For a significant number of Britons, especially the young, the lack of fair and respectful treatment by the police can colour their outlook on the legitimacy of the police, and the justice system, to provide law and order. Experiences of contact with the police, whether through stop and search, arrest or witnessing the police control a demonstration, play a very significant role in shaping people’s attitude to the legitimacy of the police.

Fairness in Policing

Posted on 22 May in

Phil Bowen

As a half breed, part British, part American, I witnessed the riots in Baltimore with a similar shudder as I remember feeling watching the riots in Tottenham in 2011. The causes of both disturbances are, of course, various and particular but perhaps the most troubling cause was common: a breakdown in the consent of those communities to be patrolled by their police forces. On Monday, President Obama’s taskforce on policing published its report. There have been eye catching recommendations which, to our British ears, seem to be self-evidently obvious: the use of military equipment by the police at demonstrations.

However, just because our police don’t tool up like it is downtown Fallujah, we shouldn’t be complacent: while a significant majority of the British public still trust the police to tell the truth, those numbers have fallen of late. Research conducted just after the riots in 2011 showed that “Britons are less likely than those in Scandinavian countries, Germany and Switzerland to report trust in the police and to rate police legitimacy highly.” And there are many communities in this country who differ from the mean. We can and must not think because we are not the same as parts of America,that similar issues of trust in the police don’t apply.

For a significant number of Britons, especially the young, the lack of fair and respectful treatment by the police can colour their outlook on the legitimacy of the police, and the justice system, to provide law and order. Experiences of contact with the police, whether through stop and search, arrest or witnessing the police control a demonstration, play a very significant role in shaping people’s attitude to the legitimacy of the police.  And where policing lacks legitimacy, we need to understand that this has a knock on effect: those who regard the police as lacking in legitimacy also express less consent to the rule of law, less willingness to co-operate with the justice system and they are therefore more likely to break the law.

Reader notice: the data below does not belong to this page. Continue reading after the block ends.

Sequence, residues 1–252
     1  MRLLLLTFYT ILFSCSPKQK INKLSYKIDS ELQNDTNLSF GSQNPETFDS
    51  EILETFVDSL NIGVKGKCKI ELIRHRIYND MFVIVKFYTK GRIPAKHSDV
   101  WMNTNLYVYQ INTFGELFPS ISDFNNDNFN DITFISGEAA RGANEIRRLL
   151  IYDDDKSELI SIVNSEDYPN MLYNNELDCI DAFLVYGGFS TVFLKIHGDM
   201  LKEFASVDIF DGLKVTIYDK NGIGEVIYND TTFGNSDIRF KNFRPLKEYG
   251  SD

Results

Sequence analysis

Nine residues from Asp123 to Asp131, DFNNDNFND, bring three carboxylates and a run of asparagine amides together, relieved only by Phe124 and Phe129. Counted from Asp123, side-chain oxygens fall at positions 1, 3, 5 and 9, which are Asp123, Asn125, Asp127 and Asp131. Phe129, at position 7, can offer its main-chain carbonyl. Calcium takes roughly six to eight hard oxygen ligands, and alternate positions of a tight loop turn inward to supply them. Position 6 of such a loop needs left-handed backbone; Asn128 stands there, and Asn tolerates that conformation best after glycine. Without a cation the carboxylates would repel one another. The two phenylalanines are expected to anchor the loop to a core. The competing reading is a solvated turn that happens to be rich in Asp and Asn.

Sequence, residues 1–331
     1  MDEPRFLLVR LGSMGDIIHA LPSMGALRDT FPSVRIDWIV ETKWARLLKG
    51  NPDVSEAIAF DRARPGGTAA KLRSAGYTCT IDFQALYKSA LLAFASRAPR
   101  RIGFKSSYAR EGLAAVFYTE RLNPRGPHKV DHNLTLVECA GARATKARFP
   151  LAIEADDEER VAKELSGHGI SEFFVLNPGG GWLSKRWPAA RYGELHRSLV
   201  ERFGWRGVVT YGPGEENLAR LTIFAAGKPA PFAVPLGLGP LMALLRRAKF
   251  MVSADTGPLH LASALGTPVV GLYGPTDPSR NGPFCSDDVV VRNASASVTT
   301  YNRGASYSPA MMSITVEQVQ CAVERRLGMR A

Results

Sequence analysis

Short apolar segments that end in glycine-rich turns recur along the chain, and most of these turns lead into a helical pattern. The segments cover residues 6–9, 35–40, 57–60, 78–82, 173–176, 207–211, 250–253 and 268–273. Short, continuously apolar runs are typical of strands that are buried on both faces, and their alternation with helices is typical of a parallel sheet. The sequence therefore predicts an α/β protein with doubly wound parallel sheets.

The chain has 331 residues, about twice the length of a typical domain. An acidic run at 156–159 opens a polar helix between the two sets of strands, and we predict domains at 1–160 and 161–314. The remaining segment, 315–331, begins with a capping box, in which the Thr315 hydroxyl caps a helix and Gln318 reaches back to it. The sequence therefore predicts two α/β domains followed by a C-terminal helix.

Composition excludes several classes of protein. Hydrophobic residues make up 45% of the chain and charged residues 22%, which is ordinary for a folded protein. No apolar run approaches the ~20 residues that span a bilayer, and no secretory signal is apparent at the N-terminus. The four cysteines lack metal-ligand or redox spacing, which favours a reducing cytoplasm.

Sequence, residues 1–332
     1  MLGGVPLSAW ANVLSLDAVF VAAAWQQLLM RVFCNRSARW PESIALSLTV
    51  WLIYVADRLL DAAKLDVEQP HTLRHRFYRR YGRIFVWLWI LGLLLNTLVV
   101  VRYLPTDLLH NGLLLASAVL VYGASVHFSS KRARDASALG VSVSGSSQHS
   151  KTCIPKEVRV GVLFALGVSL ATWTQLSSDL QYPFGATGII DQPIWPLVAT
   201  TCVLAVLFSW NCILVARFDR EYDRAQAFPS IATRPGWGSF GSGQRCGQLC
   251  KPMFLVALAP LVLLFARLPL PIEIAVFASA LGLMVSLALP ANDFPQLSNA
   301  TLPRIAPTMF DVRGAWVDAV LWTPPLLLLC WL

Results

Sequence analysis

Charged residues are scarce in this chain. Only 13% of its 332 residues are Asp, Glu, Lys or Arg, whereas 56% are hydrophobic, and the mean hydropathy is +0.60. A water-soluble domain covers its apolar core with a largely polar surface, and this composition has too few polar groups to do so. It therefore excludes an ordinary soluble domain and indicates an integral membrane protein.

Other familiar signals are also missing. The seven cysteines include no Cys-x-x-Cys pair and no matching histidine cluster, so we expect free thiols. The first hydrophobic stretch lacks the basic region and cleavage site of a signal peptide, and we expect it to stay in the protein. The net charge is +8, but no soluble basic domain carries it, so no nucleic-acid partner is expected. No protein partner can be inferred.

Given that the research evidence is so strong, the obvious question is what to do about it. The taskforce report offers some clues. Its first recommendation is that the police “should adopt procedural justice as the guiding principle for internal and external policies and practices to guide their interactions with the citizens they serve.” It makes recommendations about ensuring that crime fighting strategies are thought through from the perspective of confidence and trust and, perhaps most difficultly, that the police need to reflect the diversity of the communities they serve.

In June, one of the report’s authors, Professor Tracey Meares, will be here in London to talk to us at the Centre about what we can learn. It is unclear whether those recommendations can and will prevent future Baltimores nor whether those recommendations apply, and can apply, to our own British policing culture, which at its heart has always rested on the principle of consent.  We may be already on a more positive track, for example, there have already been bold steps by the Home Secretary to reassess the use of stop and search. But it certainly seems clear that President Obama’s invocation applies here as much as it applies in the US— “When any part of the American family does not feel like it is being treated fairly, that’s a problem for all of us. It’s not just a problem for some. It’s not just a problem for a particular community or a particular demographic. It means that we are not as strong as a country as we can be. And when applied to the criminal justice system, it means we’re not as effective in fighting crime as we could be.”

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